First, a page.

Queer migrations: asylum and the LGBT refugee — Eliott Rose

6 min readDec 9, 2021


69 countries. In 36% of the world’s countries, it is illegal to be a lesbian, gay, bisexual or transgender. In 11 of these, it is punishable by death. The heinous treatment of queer people globally increasingly has led to an influx of queer refugees — refugees who cannot safely return home because of who they love and how they identify. Despite this, as of 2021 there is no international legal convention on the rights of LGBT refugees. The closest are Principles 22–23 of the Yogyakarta Principles (2007) which advises that “states may not extradite a person where that person faces a well grounded fear of persecution on the basis of sexual orientation and gender identity” — but these are not internationally legally binding. As such, states have no protocol to follow when dealing with queer refugees; in practice, this means that much of the time, they are overlooked and abused. This essay will outline the major problems that queer refugees face when applying for asylum, namely: the issue of “proof”, misunderstanding, and continued discrimination.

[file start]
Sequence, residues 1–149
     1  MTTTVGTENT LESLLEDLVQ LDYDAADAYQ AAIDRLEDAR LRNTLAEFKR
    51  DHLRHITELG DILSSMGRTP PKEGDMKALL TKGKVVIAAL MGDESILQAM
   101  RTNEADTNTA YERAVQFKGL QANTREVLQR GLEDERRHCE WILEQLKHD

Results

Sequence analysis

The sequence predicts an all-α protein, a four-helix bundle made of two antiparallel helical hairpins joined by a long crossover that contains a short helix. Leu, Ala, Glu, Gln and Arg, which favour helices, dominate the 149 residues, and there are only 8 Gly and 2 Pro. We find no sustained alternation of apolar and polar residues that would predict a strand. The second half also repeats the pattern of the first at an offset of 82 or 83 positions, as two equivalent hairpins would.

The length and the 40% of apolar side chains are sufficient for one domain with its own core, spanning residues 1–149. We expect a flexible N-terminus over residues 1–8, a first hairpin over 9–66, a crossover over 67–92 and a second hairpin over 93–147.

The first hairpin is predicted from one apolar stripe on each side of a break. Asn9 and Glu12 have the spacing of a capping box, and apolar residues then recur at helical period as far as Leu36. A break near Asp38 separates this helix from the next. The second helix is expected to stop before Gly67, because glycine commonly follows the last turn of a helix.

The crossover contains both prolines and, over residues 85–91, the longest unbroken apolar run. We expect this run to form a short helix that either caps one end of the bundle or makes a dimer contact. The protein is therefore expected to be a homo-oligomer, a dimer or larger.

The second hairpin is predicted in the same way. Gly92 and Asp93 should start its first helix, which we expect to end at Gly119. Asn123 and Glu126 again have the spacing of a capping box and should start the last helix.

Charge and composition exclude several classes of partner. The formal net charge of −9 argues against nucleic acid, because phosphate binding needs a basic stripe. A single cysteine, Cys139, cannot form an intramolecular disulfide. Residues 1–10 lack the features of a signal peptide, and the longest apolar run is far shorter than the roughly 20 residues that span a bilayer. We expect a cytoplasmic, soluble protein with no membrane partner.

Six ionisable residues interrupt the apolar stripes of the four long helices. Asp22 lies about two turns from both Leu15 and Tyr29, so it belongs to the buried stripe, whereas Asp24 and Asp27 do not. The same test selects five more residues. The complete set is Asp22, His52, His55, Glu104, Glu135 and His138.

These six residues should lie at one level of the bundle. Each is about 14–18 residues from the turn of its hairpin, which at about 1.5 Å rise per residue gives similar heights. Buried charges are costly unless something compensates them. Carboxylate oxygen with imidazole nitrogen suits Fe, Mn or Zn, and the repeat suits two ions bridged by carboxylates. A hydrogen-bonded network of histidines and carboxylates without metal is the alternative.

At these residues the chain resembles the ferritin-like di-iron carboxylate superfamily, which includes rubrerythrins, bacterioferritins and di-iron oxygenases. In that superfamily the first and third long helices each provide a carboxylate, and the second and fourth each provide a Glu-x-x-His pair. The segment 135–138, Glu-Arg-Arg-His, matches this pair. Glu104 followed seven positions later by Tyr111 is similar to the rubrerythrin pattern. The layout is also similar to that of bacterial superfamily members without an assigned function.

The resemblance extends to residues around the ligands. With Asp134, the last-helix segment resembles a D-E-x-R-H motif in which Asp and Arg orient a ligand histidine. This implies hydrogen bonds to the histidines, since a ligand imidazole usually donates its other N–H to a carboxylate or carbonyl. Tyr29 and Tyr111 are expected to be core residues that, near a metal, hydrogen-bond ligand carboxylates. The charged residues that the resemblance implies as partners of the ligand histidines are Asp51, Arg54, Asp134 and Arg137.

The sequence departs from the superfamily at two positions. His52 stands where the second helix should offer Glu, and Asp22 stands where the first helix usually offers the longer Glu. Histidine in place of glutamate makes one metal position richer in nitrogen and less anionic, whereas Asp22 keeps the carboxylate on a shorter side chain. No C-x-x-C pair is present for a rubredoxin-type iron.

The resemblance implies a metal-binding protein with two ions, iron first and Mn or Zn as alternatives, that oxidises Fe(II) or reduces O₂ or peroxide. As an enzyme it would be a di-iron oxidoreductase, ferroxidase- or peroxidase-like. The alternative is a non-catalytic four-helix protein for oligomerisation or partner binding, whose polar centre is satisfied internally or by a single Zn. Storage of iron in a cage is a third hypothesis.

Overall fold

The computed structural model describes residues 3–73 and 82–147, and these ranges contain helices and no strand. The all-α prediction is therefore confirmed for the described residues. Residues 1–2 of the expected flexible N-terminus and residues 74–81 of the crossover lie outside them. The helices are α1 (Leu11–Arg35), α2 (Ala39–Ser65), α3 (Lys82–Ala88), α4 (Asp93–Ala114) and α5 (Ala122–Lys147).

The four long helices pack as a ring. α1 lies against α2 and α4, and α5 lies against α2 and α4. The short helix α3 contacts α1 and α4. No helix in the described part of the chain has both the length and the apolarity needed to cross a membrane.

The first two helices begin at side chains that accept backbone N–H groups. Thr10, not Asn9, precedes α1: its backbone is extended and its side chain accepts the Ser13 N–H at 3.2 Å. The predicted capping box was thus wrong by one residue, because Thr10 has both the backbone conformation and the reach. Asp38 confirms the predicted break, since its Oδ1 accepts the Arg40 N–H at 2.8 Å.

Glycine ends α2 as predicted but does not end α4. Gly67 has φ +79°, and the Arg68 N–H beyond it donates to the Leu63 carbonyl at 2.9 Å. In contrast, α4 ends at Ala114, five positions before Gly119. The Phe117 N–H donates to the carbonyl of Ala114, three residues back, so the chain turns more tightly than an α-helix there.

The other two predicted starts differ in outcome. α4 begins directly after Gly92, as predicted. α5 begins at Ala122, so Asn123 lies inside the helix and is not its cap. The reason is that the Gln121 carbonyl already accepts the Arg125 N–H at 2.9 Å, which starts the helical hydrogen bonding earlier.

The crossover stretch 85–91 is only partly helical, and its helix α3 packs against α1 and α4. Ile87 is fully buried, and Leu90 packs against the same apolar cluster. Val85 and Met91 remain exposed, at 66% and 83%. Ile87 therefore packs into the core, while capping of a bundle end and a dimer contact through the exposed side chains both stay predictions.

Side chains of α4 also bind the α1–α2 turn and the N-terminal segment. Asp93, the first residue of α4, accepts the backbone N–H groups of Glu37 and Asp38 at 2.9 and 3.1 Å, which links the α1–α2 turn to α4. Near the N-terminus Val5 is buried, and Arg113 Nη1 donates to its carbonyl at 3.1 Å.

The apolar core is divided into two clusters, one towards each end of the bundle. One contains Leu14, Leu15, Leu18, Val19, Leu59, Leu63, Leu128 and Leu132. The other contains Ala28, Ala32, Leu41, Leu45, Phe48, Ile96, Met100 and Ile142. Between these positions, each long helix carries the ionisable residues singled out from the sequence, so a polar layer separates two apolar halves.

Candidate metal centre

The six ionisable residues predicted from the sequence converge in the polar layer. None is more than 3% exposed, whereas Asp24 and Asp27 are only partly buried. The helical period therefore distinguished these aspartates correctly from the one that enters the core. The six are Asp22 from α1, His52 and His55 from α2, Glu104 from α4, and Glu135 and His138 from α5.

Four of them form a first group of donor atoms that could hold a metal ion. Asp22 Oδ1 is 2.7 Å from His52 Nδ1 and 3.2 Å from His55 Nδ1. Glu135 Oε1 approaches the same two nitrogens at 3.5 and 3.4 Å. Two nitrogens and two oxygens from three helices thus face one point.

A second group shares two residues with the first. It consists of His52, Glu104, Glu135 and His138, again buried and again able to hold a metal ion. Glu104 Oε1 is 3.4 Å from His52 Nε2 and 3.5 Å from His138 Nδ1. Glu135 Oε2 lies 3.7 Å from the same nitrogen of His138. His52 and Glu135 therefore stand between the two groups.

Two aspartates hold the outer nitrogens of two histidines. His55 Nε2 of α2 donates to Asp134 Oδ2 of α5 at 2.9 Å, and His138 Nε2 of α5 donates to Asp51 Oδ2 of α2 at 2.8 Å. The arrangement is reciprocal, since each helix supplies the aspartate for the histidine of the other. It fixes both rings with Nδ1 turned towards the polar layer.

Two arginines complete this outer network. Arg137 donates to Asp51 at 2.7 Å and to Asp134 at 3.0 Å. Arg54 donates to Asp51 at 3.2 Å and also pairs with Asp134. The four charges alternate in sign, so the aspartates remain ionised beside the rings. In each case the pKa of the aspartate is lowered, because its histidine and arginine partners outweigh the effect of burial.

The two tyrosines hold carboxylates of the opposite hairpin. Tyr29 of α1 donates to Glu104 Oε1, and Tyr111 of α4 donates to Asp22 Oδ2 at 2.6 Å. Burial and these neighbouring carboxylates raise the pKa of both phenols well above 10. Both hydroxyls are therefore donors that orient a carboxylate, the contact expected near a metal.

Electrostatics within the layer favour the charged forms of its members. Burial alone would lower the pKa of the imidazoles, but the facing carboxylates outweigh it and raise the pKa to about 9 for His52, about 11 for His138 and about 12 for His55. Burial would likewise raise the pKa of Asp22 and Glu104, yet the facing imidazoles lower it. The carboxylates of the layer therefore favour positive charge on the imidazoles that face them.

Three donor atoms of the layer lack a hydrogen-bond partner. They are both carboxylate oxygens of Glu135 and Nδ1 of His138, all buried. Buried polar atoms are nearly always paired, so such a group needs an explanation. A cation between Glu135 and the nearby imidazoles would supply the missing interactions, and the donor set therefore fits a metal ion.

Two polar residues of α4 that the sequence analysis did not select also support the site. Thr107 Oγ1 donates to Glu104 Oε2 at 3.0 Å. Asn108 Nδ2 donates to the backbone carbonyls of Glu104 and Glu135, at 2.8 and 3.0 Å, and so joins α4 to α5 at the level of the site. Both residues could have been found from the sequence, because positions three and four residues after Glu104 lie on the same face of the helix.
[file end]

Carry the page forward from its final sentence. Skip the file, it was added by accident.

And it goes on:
UK: the hostile environment

Asylum seekers flee their country of origin because they face displacement, persecution, violence and potential death; but instead of sympathy, queer asylum seekers often endure further discrimination. The UK Home Office is notoriously hostile in this regard. Stonewall’s No Safe Refuge campaign has exposed the harrowing treatment of queer refugees. Dembe from Uganda stated the process “just breaks you down […] We’re coming to look for safety and instead we’re being tortured.” For many, the process is re-traumatising: “I felt like I was back in Cameroon. I had three years free, then forced back into a cell.” Most disturbingly, queer asylum seekers report incredible amounts of abuse from detention centre staff. In particular, trans woman Vani was detained in a “male prison” with only women’s clothing — “this makes you vulnerable for all sorts of harm, physical harm” — and was forced to squash her identity in order to secure her safety, whilst enduring deliberate misgendering and ridicule from staff.